Markos wrote:Yes, there is always a chance. Etymology is more of an art than an exact science. Make an argument, and you will have established that there is a chance that these two words are related. Even if not "related" you can always say "akin to" or "compare."
Damoetas wrote:Markos wrote:Yes, there is always a chance. Etymology is more of an art than an exact science. Make an argument, and you will have established that there is a chance that these two words are related. Even if not "related" you can always say "akin to" or "compare."
I'm not sure I agree with you here.... Historical linguistics (of which etymology is a part) is an exact science, even though it sometimes has very little precise data to work with. If I were you I would consult an etymological dictionary or a book on Indo-European linguistics, because these words have definitely been investigated by other scholars before. κέρας, I know, is from an Indo-European root, the same source as Latin cornu and English "horn." It seems highly unlikely that κεράννυμι would be from the same root.
modus.irrealis wrote:I thought a connection was very possible, but didn't have any resources to check if it had been considered. But formally there's a match as the root of both seems to be keras- with an -s-, and semantically they are not unrelated. I mean, it's possible that mixing wine and water, for example, was done in (drinking) horns.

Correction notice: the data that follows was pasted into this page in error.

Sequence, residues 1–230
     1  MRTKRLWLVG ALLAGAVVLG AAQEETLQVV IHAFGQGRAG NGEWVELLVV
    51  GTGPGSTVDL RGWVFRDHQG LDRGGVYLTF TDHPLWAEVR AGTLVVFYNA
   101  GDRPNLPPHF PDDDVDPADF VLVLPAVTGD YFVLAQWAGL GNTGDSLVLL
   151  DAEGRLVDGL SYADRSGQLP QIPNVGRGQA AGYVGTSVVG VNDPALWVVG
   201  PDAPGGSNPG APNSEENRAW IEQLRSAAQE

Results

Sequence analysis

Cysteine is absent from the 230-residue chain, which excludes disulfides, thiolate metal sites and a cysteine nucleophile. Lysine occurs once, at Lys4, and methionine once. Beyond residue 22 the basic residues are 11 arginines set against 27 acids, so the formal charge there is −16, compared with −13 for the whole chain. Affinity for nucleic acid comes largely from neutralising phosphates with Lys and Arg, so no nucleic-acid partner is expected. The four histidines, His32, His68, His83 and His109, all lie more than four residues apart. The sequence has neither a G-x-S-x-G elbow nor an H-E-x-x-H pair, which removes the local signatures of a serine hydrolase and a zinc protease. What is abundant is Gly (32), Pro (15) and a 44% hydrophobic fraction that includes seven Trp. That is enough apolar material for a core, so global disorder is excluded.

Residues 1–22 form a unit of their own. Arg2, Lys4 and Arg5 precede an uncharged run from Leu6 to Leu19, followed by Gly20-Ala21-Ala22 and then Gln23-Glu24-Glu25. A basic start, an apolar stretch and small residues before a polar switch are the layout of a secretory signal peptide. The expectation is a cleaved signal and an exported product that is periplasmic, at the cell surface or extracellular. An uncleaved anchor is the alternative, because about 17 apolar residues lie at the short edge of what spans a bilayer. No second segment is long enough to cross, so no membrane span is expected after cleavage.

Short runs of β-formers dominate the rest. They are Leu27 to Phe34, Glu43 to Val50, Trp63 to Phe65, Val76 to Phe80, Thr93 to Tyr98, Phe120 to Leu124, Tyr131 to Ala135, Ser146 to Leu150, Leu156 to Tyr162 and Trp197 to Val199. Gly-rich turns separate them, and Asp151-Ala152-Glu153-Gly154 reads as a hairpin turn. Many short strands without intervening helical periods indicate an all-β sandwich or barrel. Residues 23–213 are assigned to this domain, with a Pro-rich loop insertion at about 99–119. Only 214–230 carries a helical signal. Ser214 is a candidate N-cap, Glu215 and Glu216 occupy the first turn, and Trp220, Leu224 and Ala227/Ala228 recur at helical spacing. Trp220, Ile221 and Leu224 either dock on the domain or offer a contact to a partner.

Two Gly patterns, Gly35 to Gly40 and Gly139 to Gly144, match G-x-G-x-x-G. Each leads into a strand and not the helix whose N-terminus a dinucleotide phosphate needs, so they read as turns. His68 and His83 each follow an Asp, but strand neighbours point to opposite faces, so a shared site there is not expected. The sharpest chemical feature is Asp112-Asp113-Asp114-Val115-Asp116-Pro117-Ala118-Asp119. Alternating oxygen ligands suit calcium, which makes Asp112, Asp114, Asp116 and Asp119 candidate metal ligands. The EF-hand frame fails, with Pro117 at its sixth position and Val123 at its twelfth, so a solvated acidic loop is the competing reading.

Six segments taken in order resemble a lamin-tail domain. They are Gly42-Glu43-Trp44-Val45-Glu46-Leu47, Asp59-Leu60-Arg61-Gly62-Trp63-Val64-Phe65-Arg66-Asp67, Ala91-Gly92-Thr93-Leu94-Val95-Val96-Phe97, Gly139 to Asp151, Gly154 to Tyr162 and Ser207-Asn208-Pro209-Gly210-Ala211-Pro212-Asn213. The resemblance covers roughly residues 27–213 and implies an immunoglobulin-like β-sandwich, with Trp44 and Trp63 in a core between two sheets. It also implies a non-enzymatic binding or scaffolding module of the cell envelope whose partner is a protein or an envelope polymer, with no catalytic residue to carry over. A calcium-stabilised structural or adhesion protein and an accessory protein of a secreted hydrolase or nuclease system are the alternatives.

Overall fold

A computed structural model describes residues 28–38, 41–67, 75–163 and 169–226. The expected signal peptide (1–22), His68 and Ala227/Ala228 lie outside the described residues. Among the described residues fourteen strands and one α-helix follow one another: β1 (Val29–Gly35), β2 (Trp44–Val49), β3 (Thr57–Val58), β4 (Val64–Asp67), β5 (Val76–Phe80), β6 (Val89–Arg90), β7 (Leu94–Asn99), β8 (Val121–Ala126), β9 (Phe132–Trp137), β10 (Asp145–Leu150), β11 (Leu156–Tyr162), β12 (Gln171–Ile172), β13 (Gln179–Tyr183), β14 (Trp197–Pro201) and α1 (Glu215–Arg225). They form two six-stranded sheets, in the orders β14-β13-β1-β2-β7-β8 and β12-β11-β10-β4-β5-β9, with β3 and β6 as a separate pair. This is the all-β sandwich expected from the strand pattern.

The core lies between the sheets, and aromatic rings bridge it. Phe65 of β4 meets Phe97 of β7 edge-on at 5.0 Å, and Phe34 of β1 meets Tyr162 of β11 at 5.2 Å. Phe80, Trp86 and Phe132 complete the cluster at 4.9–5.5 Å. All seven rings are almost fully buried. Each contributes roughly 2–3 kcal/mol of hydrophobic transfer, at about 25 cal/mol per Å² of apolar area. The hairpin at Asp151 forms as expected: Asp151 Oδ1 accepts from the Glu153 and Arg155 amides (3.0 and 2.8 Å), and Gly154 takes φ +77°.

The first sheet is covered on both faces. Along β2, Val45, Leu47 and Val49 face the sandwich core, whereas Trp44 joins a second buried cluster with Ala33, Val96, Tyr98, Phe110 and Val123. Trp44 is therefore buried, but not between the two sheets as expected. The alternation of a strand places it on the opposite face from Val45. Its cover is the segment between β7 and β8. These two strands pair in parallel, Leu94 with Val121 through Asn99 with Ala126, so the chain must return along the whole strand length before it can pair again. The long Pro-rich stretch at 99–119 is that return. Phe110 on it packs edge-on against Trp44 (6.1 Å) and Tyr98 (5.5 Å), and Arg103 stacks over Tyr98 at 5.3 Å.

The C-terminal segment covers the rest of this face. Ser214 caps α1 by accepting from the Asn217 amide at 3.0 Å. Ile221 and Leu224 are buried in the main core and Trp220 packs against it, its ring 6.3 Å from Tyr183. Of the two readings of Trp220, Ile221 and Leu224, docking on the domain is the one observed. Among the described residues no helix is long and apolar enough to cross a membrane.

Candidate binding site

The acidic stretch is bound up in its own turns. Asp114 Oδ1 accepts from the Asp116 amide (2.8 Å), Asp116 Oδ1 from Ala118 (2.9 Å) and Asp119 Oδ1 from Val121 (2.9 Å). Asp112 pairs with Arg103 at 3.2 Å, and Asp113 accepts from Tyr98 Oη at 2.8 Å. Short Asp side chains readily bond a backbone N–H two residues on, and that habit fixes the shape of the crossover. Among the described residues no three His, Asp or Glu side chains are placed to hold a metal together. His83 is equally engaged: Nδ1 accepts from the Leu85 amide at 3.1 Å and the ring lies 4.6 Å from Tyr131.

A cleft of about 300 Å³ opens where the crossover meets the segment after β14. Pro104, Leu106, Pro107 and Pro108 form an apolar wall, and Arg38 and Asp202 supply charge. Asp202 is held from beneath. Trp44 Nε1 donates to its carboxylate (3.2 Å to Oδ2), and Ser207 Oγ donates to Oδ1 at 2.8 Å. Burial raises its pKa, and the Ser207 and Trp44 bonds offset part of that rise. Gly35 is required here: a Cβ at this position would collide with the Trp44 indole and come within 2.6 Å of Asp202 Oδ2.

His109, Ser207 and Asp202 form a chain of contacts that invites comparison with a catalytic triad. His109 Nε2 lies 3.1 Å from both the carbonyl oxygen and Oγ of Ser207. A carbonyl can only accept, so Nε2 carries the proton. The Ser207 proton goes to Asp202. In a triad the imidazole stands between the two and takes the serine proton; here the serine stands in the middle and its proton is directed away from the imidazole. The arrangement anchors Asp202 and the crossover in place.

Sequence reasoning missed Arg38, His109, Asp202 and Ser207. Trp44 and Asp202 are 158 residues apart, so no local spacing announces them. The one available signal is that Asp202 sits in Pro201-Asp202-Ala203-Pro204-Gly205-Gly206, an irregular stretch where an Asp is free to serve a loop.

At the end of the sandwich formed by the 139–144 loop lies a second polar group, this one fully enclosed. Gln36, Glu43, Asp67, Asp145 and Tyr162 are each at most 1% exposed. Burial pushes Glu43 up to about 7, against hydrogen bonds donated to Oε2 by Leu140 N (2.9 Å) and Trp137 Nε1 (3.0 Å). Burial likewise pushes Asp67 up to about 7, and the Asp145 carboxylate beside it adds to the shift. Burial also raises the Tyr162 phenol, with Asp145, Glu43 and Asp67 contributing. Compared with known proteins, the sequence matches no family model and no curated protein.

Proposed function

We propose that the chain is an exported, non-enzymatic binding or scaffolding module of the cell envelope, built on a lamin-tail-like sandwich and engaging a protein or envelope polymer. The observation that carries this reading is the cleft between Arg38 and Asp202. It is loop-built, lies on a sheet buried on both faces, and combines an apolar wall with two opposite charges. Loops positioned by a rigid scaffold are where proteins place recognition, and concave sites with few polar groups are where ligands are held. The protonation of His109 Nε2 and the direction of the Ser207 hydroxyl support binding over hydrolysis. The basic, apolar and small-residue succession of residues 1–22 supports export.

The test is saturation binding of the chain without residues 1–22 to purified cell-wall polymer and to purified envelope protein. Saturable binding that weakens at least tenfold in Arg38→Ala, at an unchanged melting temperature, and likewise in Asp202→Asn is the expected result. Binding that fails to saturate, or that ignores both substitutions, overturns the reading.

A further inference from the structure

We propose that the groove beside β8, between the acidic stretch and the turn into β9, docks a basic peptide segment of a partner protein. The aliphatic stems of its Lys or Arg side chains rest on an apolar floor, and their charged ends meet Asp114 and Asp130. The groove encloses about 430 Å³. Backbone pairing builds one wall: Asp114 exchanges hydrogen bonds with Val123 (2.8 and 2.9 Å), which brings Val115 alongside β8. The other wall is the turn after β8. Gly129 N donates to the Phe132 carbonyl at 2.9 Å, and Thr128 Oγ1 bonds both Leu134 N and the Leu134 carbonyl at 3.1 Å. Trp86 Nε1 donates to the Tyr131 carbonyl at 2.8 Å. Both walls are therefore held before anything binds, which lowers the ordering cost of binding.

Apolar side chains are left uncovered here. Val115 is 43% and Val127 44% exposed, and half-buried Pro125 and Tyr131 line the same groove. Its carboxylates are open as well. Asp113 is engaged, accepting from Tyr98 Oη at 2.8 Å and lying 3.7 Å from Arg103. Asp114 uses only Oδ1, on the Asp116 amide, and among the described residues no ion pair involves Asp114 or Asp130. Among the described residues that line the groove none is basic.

Actually, I just realized I do have Sihler's book, and he mentions that -ννυμι is usually the result of adding -νυ to a root ending in -σ but he then said it has been extended to roots ending in a vowel, and under these he includes κεράννυμι, which means he doesn't see κερασ- there.
Swth\r wrote:modus.irrealis wrote:Perhaps even earlier, e.g. in Proto IE, there was some kind of relation, mode.irrealis...
Markos wrote:That was my original point. The whole thing is mere speculation. There is simply too much we don't know. We don't know anything, really, about the ancestors of PIE. We don't know how old such languges are. There is speculation that there was a common ancestor of PIE and Proto-Semitic. You
probably know about Hebrew KEREN, "horn" which is presumed to be a PIE loanword, but we don't know for sure.
The question is not only the speculative basis of this "science" but its value. Does it help you understand either word if you discover whether they are related or not? I would say etymology almost always leads to less understanding, not more. Does it help you REMEMBER words to discover cognates? Absolutely. Then it matters not whether the etymology be true or false. If the mixing in horns image helps you remember the words, go for it. Argue thus. No one will be able to refute you. Since we know absolutely nothing about the people who may have spoken the language ten thousand, fifty thouand years ago, you will be on safe ground asserting that these words were at one time related.
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